Our data also indicate that patients with established SLE who have low-expression −794 CATT5–containing MIF genotypes may be protected from the development of the inflammatory clinical manifestations of serositis, nephritis, and CNS involvement. These conclusions mirror the associations that have been reported previously between high-expression MIF alleles and disease severity in such inflammatory disorders as rheumatoid arthritis (10), systemic sclerosis (14), and asthma (15). Thus, once autoimmunity develops, a genetic propensity for increased MIF expression likely contributes to specific disease manifestations and end-organ damage.

What is less evident, however, is how a genetic predisposition to increased MIF expression and a downstream response that includes TNFα production (6) may protect against the development of autoimmunity or clinical progression to SLE. High-expression MIF alleles have been shown to be associated with improved survival from certain infections, in part by augmenting innate immune responses (28). It has been hypothesized that antecedent infections play a role in SLE, through mechanisms that may involve antigenic mimicry, oligoclonal B or T cell activation, and loss of tolerance (39). Thus, a more robust, MIF-dependent antimicrobial response may promote the clearance and the timely resolution of infection, thereby protecting against the development of autoimmunity. Our in vitro data provide some support for this notion, since monocytes with the high-expression 7C MIF haplotype produced more MIF upon stimulation of TLR-7.

Finally, recent data support a role for excessive apoptosis or defective clearance of apoptotic cells in the immunopathogenesis of SLE. Apoptotic nuclei may overwhelm the reticuloendothelial system, break immune tolerance, and induce autoantibody production against nuclear components (40). A higher level of MIF expression may reduce the apoptotic response during inflammation and decrease the likelihood of an autoimmune response progressing to SLE (30).

Our ELISA analyses did not reveal a significant difference in circulating MIF levels among SLE patients with different disease manifestations. Although higher MIF levels in plasma may be anticipated in patients with active end-organ disease, the measurement of MIF in the blood may be confounded by several factors. Measurements in plasma may not accurately reflect elevated levels of MIF expression in sites of tissue inflammation, and baseline MIF levels are known to vary in a circadian rhythm (41). While high-dose, exogenous glucocorticoids suppress MIF secretion, low doses may actually induce MIF release in vivo. Thus, any conclusions based on the measurement of plasma MIF must be tempered by the heterogeneity of disease activity and the different treatment protocols, including glucocorticoids, in patients. Finally, lymphopenia is a feature of SLE and may reduce circulating immune cell sources of MIF production.

Recent genome-wide association scans have identified several gene polymorphisms that are associated with susceptibility to SLE (4). These analyses have been limited to the study of selected SNPs and have not examined microsatellite repeats such as the MIF −794 CATT site. Moreover, these studies have focused on disease susceptibility and not clinical manifestations, and they have so far been limited to Caucasian populations.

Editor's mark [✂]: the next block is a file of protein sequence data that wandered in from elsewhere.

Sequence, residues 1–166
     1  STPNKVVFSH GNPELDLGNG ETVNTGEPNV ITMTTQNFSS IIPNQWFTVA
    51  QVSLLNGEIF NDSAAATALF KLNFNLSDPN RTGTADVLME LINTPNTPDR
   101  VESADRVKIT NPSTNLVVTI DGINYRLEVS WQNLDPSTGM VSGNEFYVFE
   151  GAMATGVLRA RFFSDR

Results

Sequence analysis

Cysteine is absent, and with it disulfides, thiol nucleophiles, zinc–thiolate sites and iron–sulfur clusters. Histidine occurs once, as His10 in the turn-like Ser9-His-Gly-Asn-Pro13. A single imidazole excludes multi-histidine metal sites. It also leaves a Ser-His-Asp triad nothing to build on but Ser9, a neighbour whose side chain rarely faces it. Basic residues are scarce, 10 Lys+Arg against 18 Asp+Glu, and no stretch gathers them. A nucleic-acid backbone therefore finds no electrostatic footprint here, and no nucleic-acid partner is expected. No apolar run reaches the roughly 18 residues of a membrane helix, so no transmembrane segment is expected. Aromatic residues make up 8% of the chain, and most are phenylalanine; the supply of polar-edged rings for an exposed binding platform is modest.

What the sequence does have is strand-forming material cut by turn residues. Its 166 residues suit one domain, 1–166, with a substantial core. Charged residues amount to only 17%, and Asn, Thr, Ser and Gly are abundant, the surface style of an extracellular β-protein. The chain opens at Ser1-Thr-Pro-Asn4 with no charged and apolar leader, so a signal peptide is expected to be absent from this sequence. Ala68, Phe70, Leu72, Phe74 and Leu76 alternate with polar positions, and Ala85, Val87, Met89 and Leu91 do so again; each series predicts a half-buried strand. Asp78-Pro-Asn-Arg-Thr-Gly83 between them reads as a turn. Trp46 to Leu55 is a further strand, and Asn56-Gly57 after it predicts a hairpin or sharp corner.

The main limitation of the present study is its cross-sectional design. Thus, the clinical phenotype was determined up to the point in time that the study was performed. Internationally established SLE activity and damage indices also were not available for many patients; therefore, the inclusion of end-organ involvement served as our assessment of disease severity. Furthermore, our findings do not replicate those from the study by Sanchez et al, who found that, in a smaller Spanish population, there was an increased incidence of SLE in those individuals with the homozygous −173 C/C MIF genotype (29). It is possible that our conclusions differ because of sample size or unknown genetic variations between populations.

In summary, our genetic association analyses of prevalent and functional MIF polymorphisms suggest that MIF plays a dual role in SLE. In Caucasians and African Americans, high-expression MIF polymorphisms are associated with a lower incidence of SLE. In patients with established SLE, however, low-expression MIF polymorphisms are associated with a lower incidence of end-organ injury. The possibility that some SLE patients demonstrate a propensity for end-organ disease based on the type of MIF allele present may support a MIF-directed pharmacogenomic approach in patients with SLE entering clinical evaluation.

AUTHOR CONTRIBUTIONS

  1. Top of page
  2. Abstract
  3. PATIENTS AND METHODS
  4. RESULTS
  5. DISCUSSION
  6. AUTHOR CONTRIBUTIONS
  7. ROLE OF THE STUDY SPONSOR
  8. REFERENCES

All authors were involved in drafting the article or revising it critically for important intellectual content, and all authors approved the final version to be published. Dr. Bucala had full access to all of the data in the study and takes responsibility for the integrity of the data and the accuracy of the data analysis.

Study conception and design. Sreih, Leng, Yu, Zhang, Alarcón-Riquelme, Harley, Bucala.

Acquisition of data. Sreih, Leng, LaChance, Yu, Mizue, Pons-Estel, Abelson, Gunnarsson, Svenungsson, Cavett, Glenn, Zhang, Montgomery, Perl, Salmon, Harley, Bucala.

Analysis and interpretation of data. Sreih, Ezzeddine, Leng, Subrahmanyan, Abelson, Perl, Harley, Bucala.

ROLE OF THE STUDY SPONSOR

  1. Top of page
  2. Abstract
  3. PATIENTS AND METHODS
  4. RESULTS
  5. DISCUSSION
  6. AUTHOR CONTRIBUTIONS
  7. ROLE OF THE STUDY SPONSOR
  8. REFERENCES

Bristol-Myers Squibb had no role in the study design or in the collection, analysis, or interpretation of the data, the writing of the manuscript, or the decision to submit the manuscript for publication. Publication of this article was not contingent upon approval by Bristol-Myers Squibb.

REFERENCES

  1. Top of page
  2. Abstract
  3. PATIENTS AND METHODS
  4. RESULTS
  5. DISCUSSION
  6. AUTHOR CONTRIBUTIONS
  7. ROLE OF THE STUDY SPONSOR
  8. REFERENCES